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It's the Fed's World Now, We're All Just Trading In It

Monday, June 21, 2021 03:59 PM | Bobby Raines
It's the Fed's World Now, We're All Just Trading In It

Stocks got the week off to a good start, posting gains pretty much across the board Monday.

Energy, Financials and Industrials led the way higher, signaling a further reversal from Friday when mega-cap tech stocks were among the lone bright spots. This seems to suggest traders may feel like they over reacted to last week's Federal Reserve meeting.

With several central bank officials on the docket to speak this week, including Chair Jerome Powell in front of Congress, it seems like the Fed is likely to have an outsized role in market sentiment in the near future. It's not entirely clear if this is what was intended, but now that they've got the market's attention, it may prove difficult to get traders focused on something else.

The Fed rattled markets last week when the central bank's economic projections showed two interest-rate increases in 2023.

While this may seem relatively minor, and possibly even to be expected as the economy continues to recover, the Fed introduce the idea that it will be quick to act to stem inflation, potentially to the detriment of the broader recovery. This is demonstrated by the increase in interest rates on short-term bonds and a drop in rates on longer-term borrowings.

It is not clear if this was the Fed's intention, but it seems like we may get a break from the inflation narrative for a while in any case not that there's a sense that the Fed is on the case.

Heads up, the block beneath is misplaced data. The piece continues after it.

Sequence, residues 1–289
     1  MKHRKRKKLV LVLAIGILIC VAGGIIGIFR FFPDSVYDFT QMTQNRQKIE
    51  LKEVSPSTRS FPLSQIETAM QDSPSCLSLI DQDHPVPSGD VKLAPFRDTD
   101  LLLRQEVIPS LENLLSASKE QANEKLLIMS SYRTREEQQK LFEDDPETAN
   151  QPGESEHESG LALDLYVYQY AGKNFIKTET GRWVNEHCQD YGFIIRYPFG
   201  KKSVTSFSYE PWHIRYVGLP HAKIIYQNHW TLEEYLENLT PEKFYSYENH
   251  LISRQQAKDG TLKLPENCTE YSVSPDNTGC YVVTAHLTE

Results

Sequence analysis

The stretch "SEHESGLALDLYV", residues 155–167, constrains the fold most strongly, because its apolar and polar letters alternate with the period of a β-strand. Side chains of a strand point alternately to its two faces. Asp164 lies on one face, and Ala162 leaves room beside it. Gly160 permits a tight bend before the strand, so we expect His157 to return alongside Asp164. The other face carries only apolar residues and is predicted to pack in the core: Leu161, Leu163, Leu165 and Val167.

This conflict, between being quick to act against inflation versus letting the recovery play out, is likely to be with us for some time, so traders should get ready for continued volatility around Federal Reserve meetings, as well as the potential return of the "bad news is good news trade." This is when market's rally on weaker-than-expected economic data is it likely means the Fed won't need to act as quickly, while better-than-expected news can spark a round of selling.

With that in mind, this week's reports on income, spending and PCE prices are the first chance to put this new regime to the test. Expectations are for price increases to have moderated month-over-month, with income ticking lower and spending rising less than it did last month. This may signal that the "transitory" inflation may already be starting to wane as we move past the initial reopening shortages and stimulus checks.

Housing data earlier in the week will be another place where some signs of moderation may actually be welcome as prices have soared recently with sales of both new and existing homes seemingly constrained by the number of homes available for sale.

Economic Events this Week


  • 10:00 a.m. - Existing Home Sales


  • 10:00 a.m. - New Home Sales
  • 10:30 a.m. - EIA Crude Oil Inventories


  • 8:30 a.m. - Durable Goods Orders
  • 8:30 a.m. - Initial Claims


  • 8:30 a.m. - Personal Income
  • 8:30 a.m. - Personal Spending
  • 8:30 a.m. - PCE Prices

Earnings Reports this Week


Before the bell: KFY, PLUG

After the bell:


Before the bell: INFO, PDCO, WGO

After the bell: FUL, KBH, SCS


Before the bell: ACN, DRI, GMS, RAD, WOR

After the bell: BB, CAMP, FDX, NKE, PRGS, SNX


Before the bell: APOG, KMX, JKS, PAYX

Sector and Industry Sentiment

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